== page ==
From NASA: “Dawn Snaps Its Best-Yet Image of Dwarf Planet Ceres”

NASA

NASA

December 5, 2014
Elizabeth Landau
Jet Propulsion Laboratory, Pasadena, Calif.
818-354-6425
Elizabeth.Landau@jpl.nasa.gov

The Dawn spacecraft has delivered a glimpse of Ceres, the largest body in the main asteroid belt, in a new image taken 740,000 miles (1.2 million kilometers) from the dwarf planet. This is Dawn’s best image yet of Ceres as the spacecraft makes its way toward this unexplored world.

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NASA Dawn Spacescraft
NASA/Dawn

“Now, finally, we have a spacecraft on the verge of unveiling this mysterious, alien world. Soon it will reveal myriad secrets Ceres has held since the dawn of the solar system,” said Marc Rayman, of NASA’s Jet Propulsion Laboratory in Pasadena, California, chief engineer and mission director of the Dawn mission.

Dawn will be captured into Ceres’ orbit in March, marking the first visit to a dwarf planet by a spacecraft. To date, the best images of Ceres come from the Hubble Space Telescope. In early 2015, however, Dawn will begin delivering images at much higher resolution.

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NASA’s Hubble Space Telescope color image of Ceres, the largest object in the asteroid belt. Astronomers optimized spatial resolution to about 18 km per pixel, enhancing the contrast in these images to bring out features on Ceres’ surface, that are both brighter and darker than the average which absorbs 91% of sunlight falling on it. (Original description by NASA) (Earth Distance: 1.64 AU and Angular diameter: 0.798″)
NASA, ESA, J. Parker (Southwest Research Institute), P. Thomas (Cornell University), and L. McFadden (University of Maryland, College Park)
Taken: 2004-01-23. Released 7 September 2005

Since launching in 2007, Dawn has already visited Vesta, a giant protoplanet currently located 104 million miles (168 million kilometers) away from Ceres. The distance between Vesta and Ceres is greater than the distance between the Earth and the sun. During its 14 months in orbit around Vesta, the spacecraft delivered unprecedented scientific insights, including images of its cratered surface and important clues about its geological history. Vesta and Ceres are the two most massive bodies in the main asteroid belt.

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Composite greyscale image of Vesta taken by the Dawn spacecraft.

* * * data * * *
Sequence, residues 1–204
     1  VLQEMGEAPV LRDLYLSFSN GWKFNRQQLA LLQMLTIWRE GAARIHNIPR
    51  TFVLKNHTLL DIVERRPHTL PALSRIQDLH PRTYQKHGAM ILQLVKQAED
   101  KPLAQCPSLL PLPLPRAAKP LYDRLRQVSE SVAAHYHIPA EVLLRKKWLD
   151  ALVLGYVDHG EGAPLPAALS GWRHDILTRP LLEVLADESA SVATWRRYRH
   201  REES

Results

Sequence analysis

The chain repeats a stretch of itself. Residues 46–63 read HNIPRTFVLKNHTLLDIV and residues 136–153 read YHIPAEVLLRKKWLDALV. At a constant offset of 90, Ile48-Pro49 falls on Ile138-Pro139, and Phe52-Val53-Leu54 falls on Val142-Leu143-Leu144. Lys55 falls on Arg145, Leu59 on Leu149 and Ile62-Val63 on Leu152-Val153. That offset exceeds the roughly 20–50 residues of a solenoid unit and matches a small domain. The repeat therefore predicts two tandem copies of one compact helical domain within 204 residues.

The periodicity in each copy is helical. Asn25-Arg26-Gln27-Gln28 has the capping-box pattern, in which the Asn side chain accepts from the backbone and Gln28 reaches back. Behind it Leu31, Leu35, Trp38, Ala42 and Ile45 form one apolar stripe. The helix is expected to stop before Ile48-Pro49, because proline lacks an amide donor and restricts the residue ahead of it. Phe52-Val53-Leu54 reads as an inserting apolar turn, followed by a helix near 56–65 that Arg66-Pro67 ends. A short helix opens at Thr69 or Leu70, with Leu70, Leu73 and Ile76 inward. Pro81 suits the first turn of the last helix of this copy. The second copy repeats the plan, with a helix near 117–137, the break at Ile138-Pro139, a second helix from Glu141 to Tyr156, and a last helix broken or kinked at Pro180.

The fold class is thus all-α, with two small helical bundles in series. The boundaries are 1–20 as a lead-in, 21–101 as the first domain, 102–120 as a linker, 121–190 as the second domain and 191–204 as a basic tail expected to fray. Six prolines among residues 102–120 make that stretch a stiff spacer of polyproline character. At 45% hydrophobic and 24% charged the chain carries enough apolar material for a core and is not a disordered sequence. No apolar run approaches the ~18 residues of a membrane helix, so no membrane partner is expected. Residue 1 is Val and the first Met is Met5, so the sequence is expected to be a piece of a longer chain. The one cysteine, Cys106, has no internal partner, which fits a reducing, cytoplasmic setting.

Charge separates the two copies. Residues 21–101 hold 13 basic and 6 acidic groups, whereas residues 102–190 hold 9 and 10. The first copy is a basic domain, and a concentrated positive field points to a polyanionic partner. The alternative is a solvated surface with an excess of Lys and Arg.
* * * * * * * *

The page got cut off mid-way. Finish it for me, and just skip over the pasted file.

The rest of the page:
The nine-pixel-wide image of Ceres released today serves as a final calibration of the science camera that is necessary before Dawn gets to Ceres. The dwarf planet appears approximately as bright as Venus sometimes appears from Earth. Ceres has an average diameter of about 590 miles (950 kilometers).

Dawn begins its approach phase toward Ceres on December 26.

The Dawn mission to Vesta and Ceres is managed by NASA’s Jet Propulsion Laboratory, a division of the California Institute of Technology in Pasadena, for NASA’s Science Mission Directorate, Washington D.C. UCLA is responsible for overall Dawn mission science. The Dawn framing cameras were developed and built under the leadership of the Max Planck Institute for Solar System Research, Gottingen, Germany, with significant contributions by German Aerospace Center (DLR), Institute of Planetary Research, Berlin, and in coordination with the Institute of Computer and Communication Network Engineering, Braunschweig. The Framing Camera project is funded by the Max Planck Society, DLR, and NASA/JPL.

More information about Dawn is online at http://dawn.jpl.nasa.gov.

See the full article here.

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The National Aeronautics and Space Administration (NASA) is the agency of the United States government that is responsible for the nation’s civilian space program and for aeronautics and aerospace research.

President Dwight D. Eisenhower established the National Aeronautics and Space Administration (NASA) in 1958 with a distinctly civilian (rather than military) orientation encouraging peaceful applications in space science. The National Aeronautics and Space Act was passed on July 29, 1958, disestablishing NASA’s predecessor, the National Advisory Committee for Aeronautics (NACA). The new agency became operational on October 1, 1958.

Since that time, most U.S. space exploration efforts have been led by NASA, including the Apollo moon-landing missions, the Skylab space station, and later the Space Shuttle. Currently, NASA is supporting the International Space Station and is overseeing the development of the Orion Multi-Purpose Crew Vehicle and Commercial Crew vehicles. The agency is also responsible for the Launch Services Program (LSP) which provides oversight of launch operations and countdown management for unmanned NASA launches. Most recently, NASA announced a new Space Launch System that it said would take the agency’s astronauts farther into space than ever before and lay the cornerstone for future human space exploration efforts by the U.S.

NASA science is focused on better understanding Earth through the Earth Observing System, advancing heliophysics through the efforts of the Science Mission Directorate’s Heliophysics Research Program, exploring bodies throughout the Solar System with advanced robotic missions such as New Horizons, and researching astrophysics topics, such as the Big Bang, through the Great Observatories [Hubble, Chandra, Spitzer, and associated programs. NASA shares data with various national and international organizations such as from the Greenhouse Gases Observing Satellite.